Putin warns West successor will be as tough
RUSSIAN President Vladimir Putin warned the West yesterday that it would have it no easier under his successor Dmitry Medvedev, who will actively defend Russian interests on the world stage.
Speaking after talks with German Chancellor Angela Merkel, Putin said he had the feeling some world leaders were waiting for his presidency to end, as they found it uncomfortable to work with a former KGB spy.
But Putin said Medvedev, who was elected president in last Sunday's election – and will be sworn in as president in May – was a Russian patriot who would defend the country's interests. "I do not think our partners will have it easier with him," Putin said.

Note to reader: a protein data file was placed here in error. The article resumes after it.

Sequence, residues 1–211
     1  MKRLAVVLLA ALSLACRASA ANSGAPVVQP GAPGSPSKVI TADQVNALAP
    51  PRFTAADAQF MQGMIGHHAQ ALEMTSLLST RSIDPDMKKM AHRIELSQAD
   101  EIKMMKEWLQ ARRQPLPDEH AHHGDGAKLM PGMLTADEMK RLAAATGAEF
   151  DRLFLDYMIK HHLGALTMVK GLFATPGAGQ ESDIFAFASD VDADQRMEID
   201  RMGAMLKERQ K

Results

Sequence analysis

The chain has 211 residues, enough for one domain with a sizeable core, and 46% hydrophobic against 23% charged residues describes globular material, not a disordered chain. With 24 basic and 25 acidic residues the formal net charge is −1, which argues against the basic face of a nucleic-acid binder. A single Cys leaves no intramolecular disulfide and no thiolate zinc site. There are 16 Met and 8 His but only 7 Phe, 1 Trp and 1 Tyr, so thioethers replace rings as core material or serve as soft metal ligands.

International observers and opposition groups have criticised the March election as unfair. Putin says the election was held in strict accordance with the Russian constitution.
The relationship between Medvedev and Merkel, a physicist from the former East Germany who speaks Russian, is likely to play a key role in relations between the two countries and the European Union.
Merkel, who has in the past scolded Putin over human rights, has also sought to boost trade with Russia's booming economy and to mediate between Moscow, Washington and Russia's EU partners.
Germany is by far Russia's biggest single trading partner, with a record $52.8bn in bilateral trade in 2007. German firms put $3.4bn into Russia last year and have key investments in Russia's energy sector.
There is hope in Berlin that Medvedev's election may herald a shift towards a more constructive Russia after clashes with Putin over Kosovo's independence and US plans to put a missile shield in central Europe.
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Wednesday 19 June 2013
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